School of Nursing
chronic care model, nurse practitioner, patient activation, self-care behaviors, type 2 diabetes
Despite all of the research that has demonstrated the importance of optimal control of diabetes, there are still many people who do not receive adequate care, education, and support in managing their diabetes (Barnard, Peyrot, & Holt, 2012; Rossi et al., 2015). This cross-sectional, descriptive, study examined the effects of the components of the Chronic Care Model on the outcomes of self-care behaviors and HbA1c levels for Type 2 diabetes patients cared for by nurse practitioners and physicians in the primary care setting. Specifically, this study examined the effects of self-management support, conceptualized as patient perceptions of patient activation, participation in decision-making, and practitioner facilitation of patient involvement in care. This study also examined the elements of the model together (community resources, self-management support, decision support, clinical information systems and delivery system design) for their combined and individual effect on patient self-care behaviors and HbA1c levels.
Participants of this study were diagnosed with type 2 diabetes, 18 years of age or older, and currently seeing a physician or nurse practitioner within a primary care setting for the care and management of their type 2 diabetes. Participants (N=82) completed a total of 6 questionnaires which included a demographics form, the Patient Activation Measure (PAM), the Facilitation of Patient Involvement Scale (FPI), the Perceived Involvement in Care Scale (PICS), and Patient Assessment of Care for Chronic Conditions (PACIC), and the Summary of Diabetes Self-Care Activities (SDSCA).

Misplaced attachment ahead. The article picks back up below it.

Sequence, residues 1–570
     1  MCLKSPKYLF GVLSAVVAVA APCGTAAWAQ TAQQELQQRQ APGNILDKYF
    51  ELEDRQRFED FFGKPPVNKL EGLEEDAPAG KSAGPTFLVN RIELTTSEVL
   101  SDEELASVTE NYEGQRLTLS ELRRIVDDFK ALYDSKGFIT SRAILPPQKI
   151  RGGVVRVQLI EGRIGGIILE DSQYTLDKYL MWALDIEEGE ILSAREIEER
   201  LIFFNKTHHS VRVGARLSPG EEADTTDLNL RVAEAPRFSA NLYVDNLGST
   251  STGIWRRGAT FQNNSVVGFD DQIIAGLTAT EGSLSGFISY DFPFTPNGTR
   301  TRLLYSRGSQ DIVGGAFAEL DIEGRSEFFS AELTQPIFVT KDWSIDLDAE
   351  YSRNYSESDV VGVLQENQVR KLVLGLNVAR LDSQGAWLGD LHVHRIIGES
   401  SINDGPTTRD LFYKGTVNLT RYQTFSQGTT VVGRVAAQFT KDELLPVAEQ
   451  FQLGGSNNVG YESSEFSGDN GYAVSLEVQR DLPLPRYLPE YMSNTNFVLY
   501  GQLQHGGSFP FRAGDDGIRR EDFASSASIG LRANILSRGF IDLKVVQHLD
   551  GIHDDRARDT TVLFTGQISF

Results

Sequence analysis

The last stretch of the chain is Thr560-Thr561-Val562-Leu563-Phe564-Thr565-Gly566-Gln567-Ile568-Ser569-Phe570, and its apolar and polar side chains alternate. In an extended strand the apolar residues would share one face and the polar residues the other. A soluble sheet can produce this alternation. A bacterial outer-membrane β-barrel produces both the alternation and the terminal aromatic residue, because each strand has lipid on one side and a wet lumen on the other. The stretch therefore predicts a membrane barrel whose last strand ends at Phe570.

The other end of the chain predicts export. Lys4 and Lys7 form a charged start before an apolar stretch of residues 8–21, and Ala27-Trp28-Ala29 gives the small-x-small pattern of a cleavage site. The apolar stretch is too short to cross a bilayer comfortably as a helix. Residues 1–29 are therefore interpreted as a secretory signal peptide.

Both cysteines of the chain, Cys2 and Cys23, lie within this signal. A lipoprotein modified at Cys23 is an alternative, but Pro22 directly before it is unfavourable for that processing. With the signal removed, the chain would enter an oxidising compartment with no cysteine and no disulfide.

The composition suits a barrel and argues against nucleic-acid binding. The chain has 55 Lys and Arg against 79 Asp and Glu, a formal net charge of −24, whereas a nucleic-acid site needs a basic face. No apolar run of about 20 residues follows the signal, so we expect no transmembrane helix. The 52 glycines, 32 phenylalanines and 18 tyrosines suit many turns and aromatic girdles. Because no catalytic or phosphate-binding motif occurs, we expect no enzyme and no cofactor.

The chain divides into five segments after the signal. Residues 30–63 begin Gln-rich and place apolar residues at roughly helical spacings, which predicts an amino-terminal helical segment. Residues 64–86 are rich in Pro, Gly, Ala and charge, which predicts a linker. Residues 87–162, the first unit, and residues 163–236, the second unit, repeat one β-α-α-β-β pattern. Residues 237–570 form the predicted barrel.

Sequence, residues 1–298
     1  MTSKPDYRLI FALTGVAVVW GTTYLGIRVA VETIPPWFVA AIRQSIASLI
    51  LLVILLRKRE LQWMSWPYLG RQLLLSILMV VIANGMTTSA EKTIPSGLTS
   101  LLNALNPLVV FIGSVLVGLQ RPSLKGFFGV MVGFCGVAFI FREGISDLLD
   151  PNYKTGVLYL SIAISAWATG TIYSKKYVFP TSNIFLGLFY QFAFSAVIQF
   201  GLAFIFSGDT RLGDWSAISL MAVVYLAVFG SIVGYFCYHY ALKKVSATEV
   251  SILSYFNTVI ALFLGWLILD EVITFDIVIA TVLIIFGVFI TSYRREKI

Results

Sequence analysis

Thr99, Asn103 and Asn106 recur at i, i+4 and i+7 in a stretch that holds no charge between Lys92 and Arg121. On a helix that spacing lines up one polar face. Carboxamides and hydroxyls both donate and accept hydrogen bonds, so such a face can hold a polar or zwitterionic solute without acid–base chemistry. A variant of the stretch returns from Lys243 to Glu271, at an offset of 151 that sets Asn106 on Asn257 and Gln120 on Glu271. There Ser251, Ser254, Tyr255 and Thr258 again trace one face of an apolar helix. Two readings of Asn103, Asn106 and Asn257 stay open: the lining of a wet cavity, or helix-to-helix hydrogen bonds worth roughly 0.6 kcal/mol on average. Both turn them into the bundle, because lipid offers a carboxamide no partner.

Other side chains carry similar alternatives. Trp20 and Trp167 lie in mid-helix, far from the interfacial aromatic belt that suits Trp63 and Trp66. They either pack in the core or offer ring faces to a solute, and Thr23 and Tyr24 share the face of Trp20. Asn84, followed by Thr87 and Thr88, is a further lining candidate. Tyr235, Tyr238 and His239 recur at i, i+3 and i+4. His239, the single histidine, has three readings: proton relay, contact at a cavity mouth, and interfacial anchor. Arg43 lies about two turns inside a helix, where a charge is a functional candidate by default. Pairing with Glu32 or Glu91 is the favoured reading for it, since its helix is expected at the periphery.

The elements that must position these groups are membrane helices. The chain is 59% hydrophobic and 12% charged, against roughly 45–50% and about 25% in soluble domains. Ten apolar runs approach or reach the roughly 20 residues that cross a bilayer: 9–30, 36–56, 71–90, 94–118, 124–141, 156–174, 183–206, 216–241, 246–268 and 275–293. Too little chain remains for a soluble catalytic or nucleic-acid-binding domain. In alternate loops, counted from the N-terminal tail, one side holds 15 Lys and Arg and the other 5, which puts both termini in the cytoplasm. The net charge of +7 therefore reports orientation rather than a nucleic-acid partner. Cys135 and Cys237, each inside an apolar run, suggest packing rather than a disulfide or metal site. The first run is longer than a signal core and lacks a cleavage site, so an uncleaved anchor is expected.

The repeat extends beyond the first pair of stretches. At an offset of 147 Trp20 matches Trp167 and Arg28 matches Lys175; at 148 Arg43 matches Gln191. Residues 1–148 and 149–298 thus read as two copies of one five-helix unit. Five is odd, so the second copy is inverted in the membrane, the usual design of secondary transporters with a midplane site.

The PACIC was found to have significant associations with General Diet Score (p=.020), Specific Diet Score (p=.027), exercise (p=.032), and blood glucose testing (p=.046). The PAM was found to have significant associations with General Diet Score (p=.023) and foot care (p=.006). The FPI was found to have a significant association with blood glucose testing (p=.030). The PICS was found to have a significant association with blood glucose testing (p=.046).
The results were helpful to address some of the questions related to HbA1c and self-care behavior practices. Of notable importance, having no statistical significance in the results when comparing nurse practitioner patients and physician patients demonstrates that, in this particular study, there was no difference in the standards and variables that were measured comparing nurse practitioners and physicians. The patients who were cared for by both types of providers experienced similar outcomes with regard to self-care behaviors, HbA1c, levels of patient activation, participation in decision-making, and facilitation of patient involvement in care. Therefore, this is an important finding supporting the notion that care received by nurse practitioner patients and physician patients is not different.
Proie, C. D. (2017). An Examination of Factors Affecting Hemoglobin A1c Levels and Self-Care Behaviors among Type 2 Diabetic Patients in the Primary Care Setting (Doctoral dissertation, Duquesne University). Retrieved from http://ddc.duq.edu/etd/145
Available for download on Saturday, May 12, 2018